Updated: Aug 19
Visual effects may be seen in every aspect of modern cinema, from the mind-boggling extravaganza of fantasy blockbusters to the subtle integration of FX in realistic dramas that audiences may not even notice.
Visual effects businesses worldwide are responsible for creating the modern computer-generated (CG) movie magic that we see today. These companies employ legions of animators and artists who use specialised software to create ever more realistic scenes.
The procedures of generating visual effects, like those used in any other business, come with their own unique vocabulary and technical words. The following is a short glossary of some of the most frequent terminology that you will need to be familiar with.
Oscar Rejlander produced a montaged combination print in 1857, which is considered to be the earliest image with "special effects." This was accomplished by blending various areas of 32 separate negatives into a single image. Alfred Clark is credited with creating what is now considered to be the world's first-ever special effect for a moving picture in the year 1895.
Not only was it the first time a trick was used in a movie, but it was also the first time a sort of photographic deception was used that could only be accomplished in a moving image. This type of trickery is known as the "stop trick."
WHY ONLY USE GREEN AND BLUE COLORS?
The key tool may also be used with other colours, although it functions most well with blue and green. This is because digital pictures are composed of Red, Green, and Blue channels, respectively. Because many performers have a lot of red in their skin tones, red is not a very suitable colour choice.
There is a tool in the compositing software that goes by the name "key." Examples of this type of software include Adobe After Effects, The Foundry Nuke, and many more. The result of this is that it communicates to the computer that it should regard as transparent any pixels that are of a green or blue hue of this particular shade.
The keying tool will search for all of the pixels that have the same shade of green, and once it does, it will consider those pixels to be transparent.
Animating computer-generated characters or surroundings in a poor, low-resolution version in order to make changes to them as fast and simply as possible.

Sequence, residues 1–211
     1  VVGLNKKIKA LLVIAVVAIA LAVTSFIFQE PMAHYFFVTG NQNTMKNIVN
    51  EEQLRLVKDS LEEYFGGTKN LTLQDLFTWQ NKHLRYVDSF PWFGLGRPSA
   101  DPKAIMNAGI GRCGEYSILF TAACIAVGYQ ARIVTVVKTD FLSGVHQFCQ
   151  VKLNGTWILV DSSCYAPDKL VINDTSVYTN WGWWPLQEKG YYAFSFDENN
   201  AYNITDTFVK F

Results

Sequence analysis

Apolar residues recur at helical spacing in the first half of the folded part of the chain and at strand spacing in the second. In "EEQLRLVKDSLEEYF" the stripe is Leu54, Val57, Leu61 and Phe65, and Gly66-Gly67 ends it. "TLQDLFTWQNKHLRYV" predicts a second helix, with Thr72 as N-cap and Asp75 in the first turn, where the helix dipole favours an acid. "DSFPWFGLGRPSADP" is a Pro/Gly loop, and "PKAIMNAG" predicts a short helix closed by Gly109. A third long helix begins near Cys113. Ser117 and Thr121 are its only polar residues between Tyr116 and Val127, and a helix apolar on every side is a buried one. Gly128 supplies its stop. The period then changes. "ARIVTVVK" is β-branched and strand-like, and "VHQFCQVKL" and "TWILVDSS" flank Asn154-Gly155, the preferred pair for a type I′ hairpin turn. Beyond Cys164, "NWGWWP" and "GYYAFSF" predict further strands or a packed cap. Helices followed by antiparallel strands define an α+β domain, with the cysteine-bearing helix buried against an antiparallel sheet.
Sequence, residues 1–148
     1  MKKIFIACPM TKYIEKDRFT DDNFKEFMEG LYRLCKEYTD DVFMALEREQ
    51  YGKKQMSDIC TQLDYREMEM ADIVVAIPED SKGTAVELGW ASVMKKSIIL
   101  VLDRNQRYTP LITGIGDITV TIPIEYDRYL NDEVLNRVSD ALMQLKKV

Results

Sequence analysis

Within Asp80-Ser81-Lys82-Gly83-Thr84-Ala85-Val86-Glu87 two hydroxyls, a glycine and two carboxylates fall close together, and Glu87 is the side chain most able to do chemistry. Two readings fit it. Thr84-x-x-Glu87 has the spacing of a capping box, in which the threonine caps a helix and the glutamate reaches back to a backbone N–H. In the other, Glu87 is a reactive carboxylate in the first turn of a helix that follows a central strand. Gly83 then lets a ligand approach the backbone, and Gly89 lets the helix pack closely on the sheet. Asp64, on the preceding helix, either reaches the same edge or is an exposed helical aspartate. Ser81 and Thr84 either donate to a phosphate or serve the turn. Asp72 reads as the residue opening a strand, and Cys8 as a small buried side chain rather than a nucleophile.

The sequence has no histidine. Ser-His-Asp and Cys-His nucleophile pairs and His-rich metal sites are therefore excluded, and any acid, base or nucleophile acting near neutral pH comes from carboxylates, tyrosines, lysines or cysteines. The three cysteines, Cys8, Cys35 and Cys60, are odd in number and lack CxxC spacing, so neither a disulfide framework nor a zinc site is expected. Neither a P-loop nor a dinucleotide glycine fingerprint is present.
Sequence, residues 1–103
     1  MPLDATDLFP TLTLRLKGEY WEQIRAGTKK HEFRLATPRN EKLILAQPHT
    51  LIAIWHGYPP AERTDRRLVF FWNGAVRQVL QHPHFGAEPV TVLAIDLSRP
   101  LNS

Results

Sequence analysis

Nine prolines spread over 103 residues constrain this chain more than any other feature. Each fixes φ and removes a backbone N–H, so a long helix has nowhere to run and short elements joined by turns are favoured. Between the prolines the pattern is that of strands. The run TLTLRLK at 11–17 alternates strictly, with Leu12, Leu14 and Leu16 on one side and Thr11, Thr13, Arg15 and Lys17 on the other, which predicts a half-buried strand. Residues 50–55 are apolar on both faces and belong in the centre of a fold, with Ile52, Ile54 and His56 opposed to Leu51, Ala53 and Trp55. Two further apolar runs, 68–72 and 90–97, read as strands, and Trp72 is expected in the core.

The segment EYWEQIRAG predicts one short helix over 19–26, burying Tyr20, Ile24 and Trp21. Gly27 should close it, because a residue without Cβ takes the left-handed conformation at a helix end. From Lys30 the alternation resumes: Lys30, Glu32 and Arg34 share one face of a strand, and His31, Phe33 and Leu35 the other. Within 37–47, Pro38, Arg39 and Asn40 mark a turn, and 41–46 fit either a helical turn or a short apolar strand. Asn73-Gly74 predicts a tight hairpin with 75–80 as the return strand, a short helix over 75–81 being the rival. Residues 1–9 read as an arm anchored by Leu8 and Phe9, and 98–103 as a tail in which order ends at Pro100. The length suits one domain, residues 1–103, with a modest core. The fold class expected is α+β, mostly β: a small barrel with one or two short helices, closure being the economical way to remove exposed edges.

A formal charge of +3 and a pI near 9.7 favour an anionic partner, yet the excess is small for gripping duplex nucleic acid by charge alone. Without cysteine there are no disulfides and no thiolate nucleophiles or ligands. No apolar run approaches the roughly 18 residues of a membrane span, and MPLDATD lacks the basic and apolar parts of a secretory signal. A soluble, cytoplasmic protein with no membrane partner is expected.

This technique, which also goes by the names chromakey, colour key, and blue screen, involves filming performers in front of a coloured backdrop to allow for the addition of a digital setting later.
CG characters with hair and fur that have been produced digitally.
Creating and refining the appearance of a CG asset from scratch.
A rough puppet was created with the intention of being shot and used as a reference for visual effects artists.
Synchronising the motions of the digital components with those of the camera in the original footage.
Autodesk was the company that produced this animation software that became the industry standard.
Compositing software that is built on nodes and is used to combine different parts into one final shot.
The process of recording actors' motions and facial expressions so that a computer-generated character may be overlaid over them is what's referred to as motion capture, or mo-cap for short.
The authentic, unedited film was shot in the conventional method either on set or in front of a green screen.
The term "previsualization," which is sometimes abbreviated to "previz," refers to a straightforward animation technique that roughly outlines the film's scenes, much like a moving storyboard.
The time-consuming technique of creating a photo-realistic picture with a high resolution from a three-dimensional model using a computer.